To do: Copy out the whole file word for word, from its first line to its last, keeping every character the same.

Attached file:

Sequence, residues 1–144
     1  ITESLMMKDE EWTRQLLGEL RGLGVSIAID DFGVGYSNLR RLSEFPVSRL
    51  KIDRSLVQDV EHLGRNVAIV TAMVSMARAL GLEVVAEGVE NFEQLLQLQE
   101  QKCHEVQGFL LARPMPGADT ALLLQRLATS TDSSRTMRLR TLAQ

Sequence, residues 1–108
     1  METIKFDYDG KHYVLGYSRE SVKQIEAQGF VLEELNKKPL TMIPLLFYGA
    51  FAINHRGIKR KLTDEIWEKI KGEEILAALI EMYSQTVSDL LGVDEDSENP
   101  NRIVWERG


Sequence, residues 1–144
     1  ITESLMMKDE EWTRQLLGEL RGLGVSIAID DFGVGYSNLR RLSEFPVSRL
    51  KIDRSLVQDV EHLGRNVAIV TAMVSMARAL GLEVVAEGVE NFEQLLQLQE
   101  QKCHEVQGFL LARPMPGADT ALLLQRLATS TDSSRTMRLR TLAQ

Sequence, residues 1–108
     1  METIKFDYDG KHYVLGYSRE SVKQIEAQGF VLEELNKKPL TMIPLLFYGA
    51  FAINHRGIKR KLTDEIWEKI KGEEILAALI EMYSQTVSDL LGVDEDSENP
   101  NRIVWERG